January is one of my favorite months. As a healthcare and wellness provider, it warms my heart to see the sincere effort that so many people invest in their wellness at the start of each year. So often, however, I’m met with heartbreak by early spring, as over-zealous New Year’s Resolutions are abandoned because of lack of time or energy. If this sounds eerily familiar to resolutions you have made in the past, let me offer an alternate plan for you. Lofty wellness goals that include rising at the crack of dawn for hours of exercise, drastic changes in diet that abandon all sugars, carbs, meats or cooked food, or supplement regimes that require multiple pill boxes are hard to maintain, often lead to complete abandonment, and are overwhelming. So this year, I recommend that you set smaller goals that can be maintained and that will lead to better health through all of the seasons of the coming year.  Let me suggest a few small goals that pack a big punch.

One of the most daunting aspects of a New Year’s Resolution is its unforeseeable completion. It’s amazing how quickly, however, that our bodies get used to positive changes, so I have patients set a 10-day goal. Whatever the goal might be (to stop smoking, decrease alcohol consumption, eat less sugar, eat fewer carbohydrates, etc.) start with complete avoidance, which is a huge challenge for your willpower, but do it just for that 10-day period. This requires 10 days of discipline, and then if all ability to restrain from that habit is gone, you can return to it. What I’ve seen for most people is that after 10 days of restraint (and sometimes fewer than 10), you probably won’t return to it. Your body will no longer have the same cravings, and for most habits you’ve survived the first few days of withdrawal and you’ve come out on the other side.  It’s common sense: when you give your body a long enough break from detrimental habits, you feel better. When you feel better, your mind and body are going to drive you towards those same choices.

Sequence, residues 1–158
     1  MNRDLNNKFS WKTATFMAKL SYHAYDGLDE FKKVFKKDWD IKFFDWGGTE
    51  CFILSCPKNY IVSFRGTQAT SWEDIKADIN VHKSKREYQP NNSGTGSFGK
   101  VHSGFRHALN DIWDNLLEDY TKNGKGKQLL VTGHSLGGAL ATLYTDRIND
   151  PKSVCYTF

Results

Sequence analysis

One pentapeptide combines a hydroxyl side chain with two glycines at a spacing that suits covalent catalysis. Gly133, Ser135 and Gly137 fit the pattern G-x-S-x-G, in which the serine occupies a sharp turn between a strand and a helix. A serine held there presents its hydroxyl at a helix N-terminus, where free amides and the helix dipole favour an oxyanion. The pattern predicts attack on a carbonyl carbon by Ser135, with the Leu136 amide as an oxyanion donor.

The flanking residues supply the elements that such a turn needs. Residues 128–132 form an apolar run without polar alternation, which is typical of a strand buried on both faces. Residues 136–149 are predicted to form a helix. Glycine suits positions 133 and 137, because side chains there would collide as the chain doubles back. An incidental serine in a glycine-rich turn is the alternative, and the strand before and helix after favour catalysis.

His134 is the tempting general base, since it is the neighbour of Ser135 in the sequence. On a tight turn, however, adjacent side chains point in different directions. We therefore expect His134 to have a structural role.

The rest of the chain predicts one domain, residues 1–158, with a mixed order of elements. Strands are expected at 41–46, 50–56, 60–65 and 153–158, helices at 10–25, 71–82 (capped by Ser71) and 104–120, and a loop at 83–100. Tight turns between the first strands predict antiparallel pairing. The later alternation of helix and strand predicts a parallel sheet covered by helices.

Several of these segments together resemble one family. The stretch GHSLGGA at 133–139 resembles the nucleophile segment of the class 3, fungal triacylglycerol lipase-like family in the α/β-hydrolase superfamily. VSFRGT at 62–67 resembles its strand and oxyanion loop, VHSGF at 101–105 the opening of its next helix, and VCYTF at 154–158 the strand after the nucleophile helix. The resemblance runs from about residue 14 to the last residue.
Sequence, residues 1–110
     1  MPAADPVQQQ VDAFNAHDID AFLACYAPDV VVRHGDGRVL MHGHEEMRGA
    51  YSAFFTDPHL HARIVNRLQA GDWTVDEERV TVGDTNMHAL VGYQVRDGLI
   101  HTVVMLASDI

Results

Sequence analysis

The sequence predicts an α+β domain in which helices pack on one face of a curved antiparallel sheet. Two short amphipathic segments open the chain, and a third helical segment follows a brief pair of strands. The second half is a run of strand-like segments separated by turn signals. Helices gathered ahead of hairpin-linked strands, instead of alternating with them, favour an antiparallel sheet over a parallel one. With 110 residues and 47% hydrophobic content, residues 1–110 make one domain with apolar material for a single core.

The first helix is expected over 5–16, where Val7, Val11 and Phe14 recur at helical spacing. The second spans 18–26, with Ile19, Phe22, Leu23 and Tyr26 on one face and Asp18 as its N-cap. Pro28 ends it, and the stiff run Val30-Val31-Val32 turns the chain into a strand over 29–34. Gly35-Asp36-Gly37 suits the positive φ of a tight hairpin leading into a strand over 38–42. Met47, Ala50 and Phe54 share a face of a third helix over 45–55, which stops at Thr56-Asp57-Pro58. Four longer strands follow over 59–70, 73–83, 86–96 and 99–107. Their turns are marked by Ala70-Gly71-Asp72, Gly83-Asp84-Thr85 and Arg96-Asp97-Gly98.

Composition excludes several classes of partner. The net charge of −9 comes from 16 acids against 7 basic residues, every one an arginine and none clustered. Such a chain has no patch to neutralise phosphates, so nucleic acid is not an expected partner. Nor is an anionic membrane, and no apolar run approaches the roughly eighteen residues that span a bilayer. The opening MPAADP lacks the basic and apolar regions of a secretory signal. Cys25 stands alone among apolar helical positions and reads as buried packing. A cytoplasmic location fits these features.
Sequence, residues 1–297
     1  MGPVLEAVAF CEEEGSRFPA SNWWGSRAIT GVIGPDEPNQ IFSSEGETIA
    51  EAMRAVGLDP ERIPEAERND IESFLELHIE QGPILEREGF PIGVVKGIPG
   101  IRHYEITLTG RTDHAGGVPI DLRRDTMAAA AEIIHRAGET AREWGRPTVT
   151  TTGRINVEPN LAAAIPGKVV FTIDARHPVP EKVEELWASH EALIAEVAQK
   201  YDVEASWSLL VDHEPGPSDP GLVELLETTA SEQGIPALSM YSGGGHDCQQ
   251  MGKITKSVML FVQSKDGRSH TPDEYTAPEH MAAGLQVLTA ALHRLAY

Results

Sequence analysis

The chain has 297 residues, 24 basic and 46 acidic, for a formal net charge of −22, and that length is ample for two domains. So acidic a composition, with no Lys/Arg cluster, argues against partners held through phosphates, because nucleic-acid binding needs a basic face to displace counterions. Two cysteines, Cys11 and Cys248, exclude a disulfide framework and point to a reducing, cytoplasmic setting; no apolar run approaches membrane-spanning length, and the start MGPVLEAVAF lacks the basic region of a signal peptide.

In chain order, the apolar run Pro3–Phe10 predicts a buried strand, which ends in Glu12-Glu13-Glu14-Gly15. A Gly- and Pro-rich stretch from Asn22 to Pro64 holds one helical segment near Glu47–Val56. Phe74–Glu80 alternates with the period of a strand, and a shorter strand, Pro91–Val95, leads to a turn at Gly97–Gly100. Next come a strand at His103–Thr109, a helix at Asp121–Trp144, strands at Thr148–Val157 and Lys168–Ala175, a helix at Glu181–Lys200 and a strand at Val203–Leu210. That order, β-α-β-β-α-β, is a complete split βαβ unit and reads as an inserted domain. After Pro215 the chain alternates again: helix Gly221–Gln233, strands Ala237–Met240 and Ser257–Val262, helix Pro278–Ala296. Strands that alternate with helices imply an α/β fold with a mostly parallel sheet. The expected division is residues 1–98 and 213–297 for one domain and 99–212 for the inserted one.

This is especially true for fat, sugar, and carbohydrate cravings, and I use the same method in striving for a complete nutritional overhaul. Nutritional information is at all of our fingertips, and I’m aware that most people know how to eat a nutritionally sound diet of whole non-processed meals high in vegetables, lean meats, fish, and beans, and low in simple carbohydrates, red meats, and dairy. But knowing this and doing it are two different things. For most, however, a “clean diet” for 10 days of avoiding sugar, sugar substitutes, processed foods, wheat, dairy, and alcohol (eating vegetables, minimal fruit, fish, lean meats, healthy oils, and legumes) will greatly reduce sugar and fat cravings by helping to stabilize blood sugar levels. After the 10 days, you simply begin to moderate those avoided foods back in. You’ll likely find that it is easier to moderate them in at a healthy level.

10 days is also long enough for many people to determine whether or not they have food intolerances. If you suspect that you are having symptoms related to your ingestion of wheat, avoid it completely for 10 days. Monitor for changes in your health in the 3-4 days after you re-introduce it, and you might get confirmation that you are right. If you suspect multiple food intolerances (i.e., wheat, dairy, or eggs), take them all out for 10 days and when you start to re-introduce them, do so one at a time, separated by 4-7 days, again looking for any resurgence of symptoms that went away during the 10 days. The most common food intolerances are to wheat, dairy, soy, and eggs, but remember, the more foods that you eliminate, the longer it will take to re-introduce them after the 10 days.